The United States has prioritised interoperability with its allies since the Cold War, as the ability to fight together against a common adversary could determine victory or defeat. But Washington still prefers to keep much of its most sensitive information, including advanced technology, close hold. To achieve deep interoperability and ensure that allied forces can not only operate together but be truly interchangeable, the United States needs to share more and establish infrastructure for cooperation on emerging technologies such as artificial intelligence. But none of this is possible if US partners aren’t willing to take the risk of upsetting Beijing. Countries in the region need to show China that they will not give in to its attempts at coercion – whether political, economic, or military.

The AUKUS agreement is a significant step towards meeting these demands. Australia will host US bombers on its territory and consider supporting US vessels at HMAS Stirling, two items that have long been on Washington’s wish list. Australia is also the first country to receive access to US naval reactors since the technology transfer to the United Kingdom in 1958 – a sign that the United States is shifting its mentality on sharing sensitive information with its closest allies. This is a critical step toward “pooling resources and integrating supply chains for defence-related science, industry, and supply chains” to ensure a technological edge over China. Through these efforts to build “federated” defences, the Biden administration may finally be taking US alliances into the 21st century.

It is unsurprising that China responded to AUKUS with a canned claim that it harms regional stability, encourages arms races, undermines nonproliferation efforts, and reflects “an outdated zero-sum Cold War mentality”. But Chinese commentators also recognise that Australia plays a critical role in Asia, and view this as a sign that countries are willing to come together to push back against Beijing. Social media postings more directly express concern that a counterbalancing coalition is forming despite economic dependence on China. After all, rather than kowtowing to Chinese economic pressure, Australia has cooperated with the United States in two of the most sensitive military areas – nuclear-power and undersea warfare.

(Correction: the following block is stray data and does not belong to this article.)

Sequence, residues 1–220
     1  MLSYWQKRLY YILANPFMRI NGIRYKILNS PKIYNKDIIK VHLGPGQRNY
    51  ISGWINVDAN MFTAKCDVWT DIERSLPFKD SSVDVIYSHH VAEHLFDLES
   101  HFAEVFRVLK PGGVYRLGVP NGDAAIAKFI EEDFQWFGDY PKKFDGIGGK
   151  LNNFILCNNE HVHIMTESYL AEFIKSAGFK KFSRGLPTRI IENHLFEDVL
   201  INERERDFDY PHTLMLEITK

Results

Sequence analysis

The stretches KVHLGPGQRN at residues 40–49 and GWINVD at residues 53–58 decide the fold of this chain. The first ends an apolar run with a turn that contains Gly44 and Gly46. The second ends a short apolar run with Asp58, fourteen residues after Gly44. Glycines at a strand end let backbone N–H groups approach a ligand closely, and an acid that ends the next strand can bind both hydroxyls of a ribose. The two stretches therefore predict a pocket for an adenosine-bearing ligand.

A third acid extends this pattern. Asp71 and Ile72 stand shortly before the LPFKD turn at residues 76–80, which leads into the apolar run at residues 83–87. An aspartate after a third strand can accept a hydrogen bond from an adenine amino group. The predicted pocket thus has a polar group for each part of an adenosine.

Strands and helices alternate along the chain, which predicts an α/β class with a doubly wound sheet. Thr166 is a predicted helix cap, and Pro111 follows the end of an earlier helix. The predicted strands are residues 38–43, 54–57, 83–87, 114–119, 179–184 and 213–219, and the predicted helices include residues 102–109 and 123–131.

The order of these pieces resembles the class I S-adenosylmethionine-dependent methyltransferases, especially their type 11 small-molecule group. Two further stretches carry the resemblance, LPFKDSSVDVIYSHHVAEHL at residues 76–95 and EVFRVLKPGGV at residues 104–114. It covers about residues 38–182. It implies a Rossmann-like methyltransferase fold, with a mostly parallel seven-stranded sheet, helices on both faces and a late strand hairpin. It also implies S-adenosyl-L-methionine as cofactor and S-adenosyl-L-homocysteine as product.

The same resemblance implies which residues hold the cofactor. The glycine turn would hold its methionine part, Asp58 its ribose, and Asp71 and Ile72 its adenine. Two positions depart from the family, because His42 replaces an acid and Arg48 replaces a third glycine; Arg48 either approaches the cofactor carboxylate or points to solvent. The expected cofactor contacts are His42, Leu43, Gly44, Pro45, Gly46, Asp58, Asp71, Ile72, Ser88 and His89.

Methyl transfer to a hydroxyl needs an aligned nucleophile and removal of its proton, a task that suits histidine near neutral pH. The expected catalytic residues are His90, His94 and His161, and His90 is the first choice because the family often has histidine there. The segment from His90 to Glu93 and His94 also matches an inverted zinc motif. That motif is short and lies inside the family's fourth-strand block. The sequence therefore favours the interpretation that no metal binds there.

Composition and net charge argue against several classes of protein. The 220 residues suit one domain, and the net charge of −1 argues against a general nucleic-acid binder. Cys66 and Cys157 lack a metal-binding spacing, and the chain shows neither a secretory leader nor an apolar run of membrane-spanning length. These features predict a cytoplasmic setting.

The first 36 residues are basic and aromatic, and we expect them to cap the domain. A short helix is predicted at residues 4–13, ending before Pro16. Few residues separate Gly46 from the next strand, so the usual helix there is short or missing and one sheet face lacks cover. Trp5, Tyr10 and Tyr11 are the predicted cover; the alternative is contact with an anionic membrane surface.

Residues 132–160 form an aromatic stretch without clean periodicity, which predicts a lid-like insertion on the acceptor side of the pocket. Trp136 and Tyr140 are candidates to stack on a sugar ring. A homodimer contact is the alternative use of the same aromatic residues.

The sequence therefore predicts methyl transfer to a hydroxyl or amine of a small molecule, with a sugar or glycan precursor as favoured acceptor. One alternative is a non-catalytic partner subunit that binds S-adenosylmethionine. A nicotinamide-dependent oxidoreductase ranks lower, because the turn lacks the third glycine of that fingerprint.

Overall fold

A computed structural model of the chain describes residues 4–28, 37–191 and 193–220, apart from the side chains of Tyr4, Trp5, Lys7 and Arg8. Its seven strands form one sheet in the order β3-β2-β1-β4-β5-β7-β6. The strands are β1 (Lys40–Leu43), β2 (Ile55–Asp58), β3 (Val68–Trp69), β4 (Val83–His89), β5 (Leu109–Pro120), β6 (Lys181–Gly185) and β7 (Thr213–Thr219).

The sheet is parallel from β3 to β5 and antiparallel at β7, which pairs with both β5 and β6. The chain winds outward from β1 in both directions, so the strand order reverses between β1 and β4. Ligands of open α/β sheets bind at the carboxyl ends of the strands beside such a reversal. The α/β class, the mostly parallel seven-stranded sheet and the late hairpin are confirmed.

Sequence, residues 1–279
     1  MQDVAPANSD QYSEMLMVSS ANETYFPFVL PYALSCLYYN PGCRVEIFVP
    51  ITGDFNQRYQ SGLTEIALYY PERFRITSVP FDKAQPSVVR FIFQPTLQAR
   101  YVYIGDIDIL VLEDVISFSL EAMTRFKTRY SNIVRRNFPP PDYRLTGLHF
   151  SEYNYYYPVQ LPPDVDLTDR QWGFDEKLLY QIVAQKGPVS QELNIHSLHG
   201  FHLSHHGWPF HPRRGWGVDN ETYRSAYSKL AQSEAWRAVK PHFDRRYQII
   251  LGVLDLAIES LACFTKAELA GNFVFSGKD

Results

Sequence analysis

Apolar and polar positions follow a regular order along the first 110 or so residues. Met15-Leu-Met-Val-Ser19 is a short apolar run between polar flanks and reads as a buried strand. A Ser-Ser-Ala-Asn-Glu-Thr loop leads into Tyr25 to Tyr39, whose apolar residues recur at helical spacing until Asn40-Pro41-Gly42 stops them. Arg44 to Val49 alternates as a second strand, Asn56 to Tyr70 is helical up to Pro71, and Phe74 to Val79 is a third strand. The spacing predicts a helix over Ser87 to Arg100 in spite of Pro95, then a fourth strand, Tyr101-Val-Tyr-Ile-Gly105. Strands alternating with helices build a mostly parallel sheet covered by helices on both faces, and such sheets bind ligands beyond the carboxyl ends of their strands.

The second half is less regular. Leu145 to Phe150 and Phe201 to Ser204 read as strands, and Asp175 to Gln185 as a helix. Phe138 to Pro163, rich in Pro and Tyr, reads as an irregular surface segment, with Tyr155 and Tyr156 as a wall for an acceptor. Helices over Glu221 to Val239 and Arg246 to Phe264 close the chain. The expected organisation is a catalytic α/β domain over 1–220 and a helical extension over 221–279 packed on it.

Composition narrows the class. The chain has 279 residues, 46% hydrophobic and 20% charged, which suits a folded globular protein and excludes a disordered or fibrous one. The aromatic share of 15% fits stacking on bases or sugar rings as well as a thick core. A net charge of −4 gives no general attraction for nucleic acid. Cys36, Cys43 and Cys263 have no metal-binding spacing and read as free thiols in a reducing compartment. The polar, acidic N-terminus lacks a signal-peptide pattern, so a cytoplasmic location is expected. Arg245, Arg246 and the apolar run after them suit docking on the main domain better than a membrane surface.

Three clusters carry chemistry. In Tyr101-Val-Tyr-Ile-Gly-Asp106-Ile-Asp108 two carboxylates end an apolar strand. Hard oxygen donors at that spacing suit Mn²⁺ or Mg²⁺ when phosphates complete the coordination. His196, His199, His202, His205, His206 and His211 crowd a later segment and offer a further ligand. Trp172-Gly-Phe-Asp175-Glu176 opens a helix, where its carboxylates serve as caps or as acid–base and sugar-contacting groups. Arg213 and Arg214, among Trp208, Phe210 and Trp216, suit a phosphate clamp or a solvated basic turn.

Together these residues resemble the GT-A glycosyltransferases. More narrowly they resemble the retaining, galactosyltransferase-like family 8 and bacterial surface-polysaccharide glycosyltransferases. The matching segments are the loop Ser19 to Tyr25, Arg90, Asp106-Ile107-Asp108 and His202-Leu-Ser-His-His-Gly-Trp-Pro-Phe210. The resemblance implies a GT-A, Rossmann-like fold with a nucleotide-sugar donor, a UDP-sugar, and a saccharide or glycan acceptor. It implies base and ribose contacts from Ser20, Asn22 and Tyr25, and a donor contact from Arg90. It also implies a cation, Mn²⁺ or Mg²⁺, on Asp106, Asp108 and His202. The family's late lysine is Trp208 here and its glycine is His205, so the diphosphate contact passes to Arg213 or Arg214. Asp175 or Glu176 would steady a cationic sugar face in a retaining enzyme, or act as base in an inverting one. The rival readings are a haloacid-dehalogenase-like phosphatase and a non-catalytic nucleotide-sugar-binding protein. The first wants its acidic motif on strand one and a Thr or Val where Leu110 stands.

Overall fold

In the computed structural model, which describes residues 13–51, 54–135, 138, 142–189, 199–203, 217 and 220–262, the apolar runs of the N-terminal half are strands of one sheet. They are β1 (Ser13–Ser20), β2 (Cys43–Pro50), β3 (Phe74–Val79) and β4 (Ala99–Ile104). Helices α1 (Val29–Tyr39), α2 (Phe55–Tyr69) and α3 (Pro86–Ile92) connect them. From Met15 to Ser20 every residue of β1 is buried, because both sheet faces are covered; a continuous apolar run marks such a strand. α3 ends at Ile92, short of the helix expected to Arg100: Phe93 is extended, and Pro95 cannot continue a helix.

As the United States, Australia, and other countries work to build resiliency against Chinese coercion and bolster deterrence against Chinese aggression, there are going to be tradeoffs. AUKUS is by no means perfect, but it demonstrates the Biden administration’s commitment to rebalancing its efforts towards Asia, and adjusting to a new strategic environment. Although the agreement will not change Chinese behaviour, it is sets Washington, Canberra, and London on an important course. Allied leaders should examine ways to strengthen the deal and build on it, lest this be seen as another false start in America’s long-promised rebalance to the region.